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Pre-Raphaelite Women and the Search for Meaning in the Work of Dante Gabriel Rossetti: Jane Morris and The Myth of Proserpine - Essay Example

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Pre-Raphaelite Women and the Search for Meaning in the Work of Dante Gabriel Rossetti: Jane Morris and The Myth of Proserpine Art, the overflow of unrestricted imagination is deeply influenced by an artist’s personal experiences and social characteristics of a particular era…
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Pre-Raphaelite Women and the Search for Meaning in the Work of Dante Gabriel Rossetti: Jane Morris and The Myth of Proserpine
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Pre-Raphaelite Women and the Search for Meaning in the Work of Dante Gabriel Rossetti: Jane Morris and The Myth of Proserpine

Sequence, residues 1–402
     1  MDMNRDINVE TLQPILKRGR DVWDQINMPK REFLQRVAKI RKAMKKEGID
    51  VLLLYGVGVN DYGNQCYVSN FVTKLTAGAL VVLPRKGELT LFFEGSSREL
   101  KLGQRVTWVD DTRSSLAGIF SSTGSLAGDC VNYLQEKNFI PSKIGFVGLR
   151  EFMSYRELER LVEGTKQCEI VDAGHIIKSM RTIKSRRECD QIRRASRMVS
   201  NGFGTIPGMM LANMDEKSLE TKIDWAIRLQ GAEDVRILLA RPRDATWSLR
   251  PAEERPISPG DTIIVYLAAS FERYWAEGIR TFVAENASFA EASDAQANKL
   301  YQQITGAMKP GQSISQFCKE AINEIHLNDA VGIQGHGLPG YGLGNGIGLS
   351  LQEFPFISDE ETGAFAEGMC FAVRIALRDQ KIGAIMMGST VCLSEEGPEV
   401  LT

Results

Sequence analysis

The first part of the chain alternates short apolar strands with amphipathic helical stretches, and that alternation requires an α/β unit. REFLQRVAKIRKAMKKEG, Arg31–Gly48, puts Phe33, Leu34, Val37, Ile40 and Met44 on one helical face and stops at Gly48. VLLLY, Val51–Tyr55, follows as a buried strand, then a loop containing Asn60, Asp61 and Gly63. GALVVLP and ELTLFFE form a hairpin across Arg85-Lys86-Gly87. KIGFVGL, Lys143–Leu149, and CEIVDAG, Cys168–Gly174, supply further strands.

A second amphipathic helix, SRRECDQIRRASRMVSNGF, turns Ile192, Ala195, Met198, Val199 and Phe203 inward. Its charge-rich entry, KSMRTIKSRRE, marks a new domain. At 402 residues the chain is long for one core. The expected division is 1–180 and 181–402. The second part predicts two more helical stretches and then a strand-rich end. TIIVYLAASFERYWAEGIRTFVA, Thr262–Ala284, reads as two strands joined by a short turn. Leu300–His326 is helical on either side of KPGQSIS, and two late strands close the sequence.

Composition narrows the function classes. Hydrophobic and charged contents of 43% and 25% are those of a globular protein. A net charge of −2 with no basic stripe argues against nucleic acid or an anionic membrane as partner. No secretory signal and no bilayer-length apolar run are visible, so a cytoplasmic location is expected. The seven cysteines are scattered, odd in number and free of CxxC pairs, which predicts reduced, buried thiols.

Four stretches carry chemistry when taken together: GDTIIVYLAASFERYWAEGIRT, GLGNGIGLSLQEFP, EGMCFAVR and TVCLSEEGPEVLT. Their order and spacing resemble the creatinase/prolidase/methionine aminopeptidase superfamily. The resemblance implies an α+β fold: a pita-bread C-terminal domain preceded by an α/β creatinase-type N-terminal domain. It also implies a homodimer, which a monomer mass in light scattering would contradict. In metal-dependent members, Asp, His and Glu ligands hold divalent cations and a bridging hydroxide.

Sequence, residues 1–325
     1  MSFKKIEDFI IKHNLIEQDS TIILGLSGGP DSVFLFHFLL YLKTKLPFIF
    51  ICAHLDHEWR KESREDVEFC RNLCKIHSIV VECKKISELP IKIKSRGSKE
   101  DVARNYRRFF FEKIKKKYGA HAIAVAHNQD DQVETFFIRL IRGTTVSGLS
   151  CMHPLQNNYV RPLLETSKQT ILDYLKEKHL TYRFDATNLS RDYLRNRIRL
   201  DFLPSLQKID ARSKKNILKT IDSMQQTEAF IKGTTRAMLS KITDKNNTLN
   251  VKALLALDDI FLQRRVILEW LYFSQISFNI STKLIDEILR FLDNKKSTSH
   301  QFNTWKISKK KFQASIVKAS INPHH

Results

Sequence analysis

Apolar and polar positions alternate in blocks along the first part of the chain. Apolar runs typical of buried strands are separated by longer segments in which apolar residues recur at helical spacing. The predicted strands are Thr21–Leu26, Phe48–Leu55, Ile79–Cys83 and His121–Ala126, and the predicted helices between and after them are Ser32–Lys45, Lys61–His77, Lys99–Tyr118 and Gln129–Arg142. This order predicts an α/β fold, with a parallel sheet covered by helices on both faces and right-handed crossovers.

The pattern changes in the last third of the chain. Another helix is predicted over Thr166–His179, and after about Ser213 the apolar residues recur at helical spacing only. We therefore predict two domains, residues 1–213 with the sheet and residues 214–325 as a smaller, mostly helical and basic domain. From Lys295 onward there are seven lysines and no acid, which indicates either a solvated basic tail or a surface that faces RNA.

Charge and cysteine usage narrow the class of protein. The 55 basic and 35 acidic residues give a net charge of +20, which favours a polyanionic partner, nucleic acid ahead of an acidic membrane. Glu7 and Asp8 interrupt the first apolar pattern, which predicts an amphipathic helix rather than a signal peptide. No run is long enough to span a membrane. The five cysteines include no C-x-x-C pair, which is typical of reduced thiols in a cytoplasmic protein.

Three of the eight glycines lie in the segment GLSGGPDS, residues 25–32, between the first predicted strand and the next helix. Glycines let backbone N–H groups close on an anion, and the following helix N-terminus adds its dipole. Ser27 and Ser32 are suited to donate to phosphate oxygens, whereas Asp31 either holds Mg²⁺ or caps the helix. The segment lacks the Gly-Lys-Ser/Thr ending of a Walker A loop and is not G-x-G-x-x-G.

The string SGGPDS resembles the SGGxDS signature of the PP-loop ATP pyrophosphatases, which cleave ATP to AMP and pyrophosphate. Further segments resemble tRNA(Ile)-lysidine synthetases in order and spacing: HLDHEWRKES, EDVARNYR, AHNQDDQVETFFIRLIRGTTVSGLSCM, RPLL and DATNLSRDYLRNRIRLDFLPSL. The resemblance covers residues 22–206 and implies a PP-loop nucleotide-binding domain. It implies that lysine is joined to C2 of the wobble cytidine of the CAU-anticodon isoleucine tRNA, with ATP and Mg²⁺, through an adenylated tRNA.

Download file to see previous pages... The Pre-Raphaelite artists like Dante Gabriel Rossetti, William Morris, and Edward Burne-Jones attempted to unearth the enigmatic feminine scope of Victorian women in art. Jan Marsh notes, ‘The metaphors and fantasies of art are not be identified as the behaviour and feelings of real life, especially where the Pre-Raphaelite women were concerned.’1 Thesis statement: The work Proserpine by Dante Gabriel Rossetti represents the Pre-Raphaelite women within the context of Victorian women, which is the dark and enigmatic feminine, because the work is related to the artist’s personal relationship with the model (Jane Morris), expression of his artistic creativity (painting and poetry), Greek mythology, and the characteristics of Pre-Raphaelite Brotherhood/Movement in general. Pre-Raphaelite Movement and portrayal of women as dark and enigmatic feminine As pointed out, Pre-Raphaelite Movement provided ample importance to the portrayal of women as dark and enigmatic feminine. This is important within the context of the Victorian society because the womenfolk were forced to undergo a number of social restrictions. During this age, women were expected to be loyal to their husbands, and their role in the society was strictly limited to the context of their private domain/family. Kali Israel states that, ‘Moreover, Pre-Raphaelite men and women alike participated in a larger project infused with gendered meanings: Considering the relations between the aesthetic and daily life in an increasingly industrial society.’2 Besides, their duty towards their husband and their family limited their upward mobility to the public domain of the mainstream society. To be specific, women in the Victorian era were expected to live according to the strict rules and regulations formulated by the society. Within this scenario, Rossetti’s portrayal of women in his works as dark and enigmatic feminine is utmost important because it declined the restrictions upon the womenfolk in the society. Rossetti’s works (paintings and poems) represent the protest against the restrictions exerted upon the womenfolk in the Victorian age. To be specific, the third phase in Rossetti’s life as an artist is symbolic of his changed opinion/view on artistic creativity. During this period (say, from 1863 to 1882), he made use of his artistic creativity to portray women as dark and enigmatic feminine. One can argue that Rossetti’s works during this period were based upon his imagination, not upon his models. Still, he made use of his women models as an instrument to gain inspiration and to expose the unexplored characteristics of Victorian women. On the other side, the poems attached to the artworks are symbolic of his attachment to the models. He considered that the poems and the artworks are inseparable like body and soul. During this period, Rossetti reassessed his relationship with art and came to realize the fact that his works must not be mere copies, but must express his creativity as an artist. So, Rossetti’s later works are symbolic of his change in attitude towards art. When this change is superimposed into the context of Victorian women, one can easily identify that Rossetti’s works does not follow the core element of Pre-Raphaelitism, i.e. imitation of nature through art. So, Rossetti and some other Pre-Raphaelites ...Download file to see next pagesRead More
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